Steam is simply vaporized water. The tiny vapor molecules are able to travel in the air (which is why your entire bathroom fills with steam during a shower) and penetrate hard to reach areas. Many of us are use the cleaning power of steam on other areas of our bodies. We steam our faces to open our pores and clear built up dirt and oils. We steam our sinuses and lungs to help clear congestions when we’re sick much like your nose running during a hot shower. Steam is both comforting and mucus clearing. We even steam our entire bodies in steam rooms! Improving circulation throughout the body by dilating your blood vessels delivering more nutrients and oxygen.
Vaginal steaming isn’t much different!
This practice uses warm steam to clear congestion and increase circulation to the
reproductive organs and surrounding areas. The steam helps to thin mucus, or built up lining allowing for any residue to be released. Adding herbs into the water can introduce therapeutic phytochemical to the surrounding tissues.

Vaginal steaming is a traditional self-care practice whereby someone sits or kneels over a warm pot of boiled water, gently exposing the entire pelvic region to the rising steam.

The individual may choose to kneel over the source of steam or sit on a designated
sauna or seat, specifically designed for this purpose.

Vaginal steaming also has a dry variation that relies on the use of herbal smoke instead of steam.
Find out all the reported benefits under our Vaginal Steaming Section.

 

This interactive map curated by Steamy Chick shows how many different cultures that currently and historically practice vaginal steaming.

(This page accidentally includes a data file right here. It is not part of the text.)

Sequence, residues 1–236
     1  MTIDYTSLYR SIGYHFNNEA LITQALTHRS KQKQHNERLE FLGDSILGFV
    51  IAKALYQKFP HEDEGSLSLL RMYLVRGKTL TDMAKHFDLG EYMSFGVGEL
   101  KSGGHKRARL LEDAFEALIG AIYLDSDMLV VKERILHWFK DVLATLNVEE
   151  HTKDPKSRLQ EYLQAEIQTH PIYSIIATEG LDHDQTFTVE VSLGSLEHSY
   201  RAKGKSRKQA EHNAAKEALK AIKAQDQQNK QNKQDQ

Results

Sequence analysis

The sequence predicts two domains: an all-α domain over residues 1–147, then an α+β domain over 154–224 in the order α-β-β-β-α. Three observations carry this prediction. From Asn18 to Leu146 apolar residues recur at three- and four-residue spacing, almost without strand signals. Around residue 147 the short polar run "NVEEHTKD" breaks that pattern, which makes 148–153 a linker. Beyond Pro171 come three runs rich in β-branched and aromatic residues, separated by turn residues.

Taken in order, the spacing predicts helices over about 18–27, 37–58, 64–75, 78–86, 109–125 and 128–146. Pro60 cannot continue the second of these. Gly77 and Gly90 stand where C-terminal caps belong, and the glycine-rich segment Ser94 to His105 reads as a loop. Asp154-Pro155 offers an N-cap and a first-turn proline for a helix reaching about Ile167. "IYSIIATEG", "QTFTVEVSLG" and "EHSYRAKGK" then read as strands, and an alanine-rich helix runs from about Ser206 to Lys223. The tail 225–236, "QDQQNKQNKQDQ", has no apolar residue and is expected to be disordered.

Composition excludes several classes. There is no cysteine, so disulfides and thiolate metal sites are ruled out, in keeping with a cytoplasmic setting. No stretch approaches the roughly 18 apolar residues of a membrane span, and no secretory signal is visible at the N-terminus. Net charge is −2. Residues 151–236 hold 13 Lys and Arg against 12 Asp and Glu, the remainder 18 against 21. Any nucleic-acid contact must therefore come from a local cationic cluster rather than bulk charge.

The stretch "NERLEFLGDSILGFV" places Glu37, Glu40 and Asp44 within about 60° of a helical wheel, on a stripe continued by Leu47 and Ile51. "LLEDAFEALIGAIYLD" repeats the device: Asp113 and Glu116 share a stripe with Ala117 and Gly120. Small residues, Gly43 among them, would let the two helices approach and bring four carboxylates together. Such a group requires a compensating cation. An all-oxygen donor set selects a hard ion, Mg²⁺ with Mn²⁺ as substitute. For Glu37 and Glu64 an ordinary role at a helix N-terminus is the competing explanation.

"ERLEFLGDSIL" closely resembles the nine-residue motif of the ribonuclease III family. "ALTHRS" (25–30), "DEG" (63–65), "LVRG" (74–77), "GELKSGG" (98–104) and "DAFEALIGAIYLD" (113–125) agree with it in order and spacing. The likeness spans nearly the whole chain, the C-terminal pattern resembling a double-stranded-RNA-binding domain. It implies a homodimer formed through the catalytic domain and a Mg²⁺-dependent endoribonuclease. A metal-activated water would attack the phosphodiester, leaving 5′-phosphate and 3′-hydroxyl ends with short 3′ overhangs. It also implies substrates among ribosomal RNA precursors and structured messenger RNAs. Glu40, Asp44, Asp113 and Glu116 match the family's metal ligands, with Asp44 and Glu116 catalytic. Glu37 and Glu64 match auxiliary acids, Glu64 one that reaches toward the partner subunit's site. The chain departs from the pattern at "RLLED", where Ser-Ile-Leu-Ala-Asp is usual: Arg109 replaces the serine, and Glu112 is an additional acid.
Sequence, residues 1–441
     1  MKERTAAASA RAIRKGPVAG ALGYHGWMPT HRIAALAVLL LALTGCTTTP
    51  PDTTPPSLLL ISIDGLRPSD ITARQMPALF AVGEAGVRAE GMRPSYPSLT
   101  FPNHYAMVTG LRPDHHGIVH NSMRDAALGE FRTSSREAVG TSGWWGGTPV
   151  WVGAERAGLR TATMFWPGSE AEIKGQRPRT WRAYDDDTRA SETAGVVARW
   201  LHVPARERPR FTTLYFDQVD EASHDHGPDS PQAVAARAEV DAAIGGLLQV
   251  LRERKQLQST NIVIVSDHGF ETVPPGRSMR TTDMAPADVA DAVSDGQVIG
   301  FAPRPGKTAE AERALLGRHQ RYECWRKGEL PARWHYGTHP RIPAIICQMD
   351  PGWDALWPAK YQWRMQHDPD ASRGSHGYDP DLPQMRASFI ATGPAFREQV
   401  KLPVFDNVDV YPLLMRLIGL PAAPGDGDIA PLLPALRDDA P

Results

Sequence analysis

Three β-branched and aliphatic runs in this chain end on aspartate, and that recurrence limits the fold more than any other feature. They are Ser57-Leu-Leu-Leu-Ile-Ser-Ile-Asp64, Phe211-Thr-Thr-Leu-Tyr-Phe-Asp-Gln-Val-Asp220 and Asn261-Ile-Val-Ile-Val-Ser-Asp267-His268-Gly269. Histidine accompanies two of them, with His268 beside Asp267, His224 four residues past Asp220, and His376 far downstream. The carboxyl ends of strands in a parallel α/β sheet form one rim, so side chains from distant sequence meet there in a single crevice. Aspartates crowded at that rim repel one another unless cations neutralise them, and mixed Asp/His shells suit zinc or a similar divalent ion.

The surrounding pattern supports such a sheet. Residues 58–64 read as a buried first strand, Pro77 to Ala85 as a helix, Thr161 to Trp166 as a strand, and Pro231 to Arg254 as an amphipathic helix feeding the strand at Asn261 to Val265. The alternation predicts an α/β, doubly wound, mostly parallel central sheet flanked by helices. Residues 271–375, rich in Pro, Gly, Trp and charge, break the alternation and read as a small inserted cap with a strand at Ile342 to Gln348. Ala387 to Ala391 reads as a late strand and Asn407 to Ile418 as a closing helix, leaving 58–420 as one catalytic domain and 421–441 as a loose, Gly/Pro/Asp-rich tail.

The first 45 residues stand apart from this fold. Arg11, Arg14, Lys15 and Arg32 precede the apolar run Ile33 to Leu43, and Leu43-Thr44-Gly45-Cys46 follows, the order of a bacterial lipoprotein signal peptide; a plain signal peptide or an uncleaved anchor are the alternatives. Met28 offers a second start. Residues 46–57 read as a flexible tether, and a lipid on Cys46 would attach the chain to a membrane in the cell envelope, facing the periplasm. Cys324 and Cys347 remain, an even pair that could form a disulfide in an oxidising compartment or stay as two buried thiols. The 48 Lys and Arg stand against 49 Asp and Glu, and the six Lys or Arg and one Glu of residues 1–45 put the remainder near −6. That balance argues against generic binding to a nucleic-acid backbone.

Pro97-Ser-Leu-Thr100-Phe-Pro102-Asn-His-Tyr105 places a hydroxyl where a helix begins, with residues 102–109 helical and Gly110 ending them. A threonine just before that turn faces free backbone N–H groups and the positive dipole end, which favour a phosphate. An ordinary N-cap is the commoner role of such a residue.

https://www.google.com/maps/d/u/0/viewer?mid=1nPX8BiU6iyY-UhdP0Vt73rQj4bVvxcz4&ll=-3.81666561775622e-14%2C-5.813614900000061&z=1

The biggest safety concern is burning or scalding. It is important to always be cautious around hot water. Steam can be beneficial, but if too hot, steam may damage tissue or cause burn. Before sitting or kneeling for your session it is important to hold your hand or forearm over the warm steam. It should feel pleasantly warm and comfortable. If it is too hot, allow the steam to cool sufficiently before sitting or kneeling down.

The duration of your steam session depends on a number of factors. Steaming is very therapeutic and some people only need to steam for 10 minutes to derive benefit.
These steam users would include:
•First Time Users
•Heat Sensitive Users
•Uterine Bleeding Sensitive Users
•Medical Sensitive Users
• IUDs
In situations where someone has a sensitivity, steaming for longer than the 10 minute recommendation may cause undesired side effects.

A 30 minute steam session duration is suitable for anyone who does not have a steam sensitivity. It is best to initially work with a practitioner to do a sensitivity screening and help determine the duration for your steam sessions.

For best results it is typically recommended to steam weekly and/or three times before and three times after your period. For best results dedicate a minimum of 3-6 months to this steam schedule and also consider making it an ongoing part of your self-care routine.

If you are steaming with any of the following situations a more frequent or tailored steam schedule may be advised. Please consult with Ashley on the best schedule for your body.

Vaginal Infections
Uterine Disorders (Fibroids, Endometriosis, PCOS, Polyps, Infertility, Cysts, Cancer)
Early or Late Menarche
Fertility Preparation
Insemination Prevention/Plan B
Labor Preparation
Overdue Labor
Postpartum Recovery
Early or Late Postpartum Period Return
Pregnancy Loss
Abnormal Uterine Bleeding
Pelvic Organ Prolapse
Fistula
Hemorrhoids
Rectum Issues
Labial Adhesion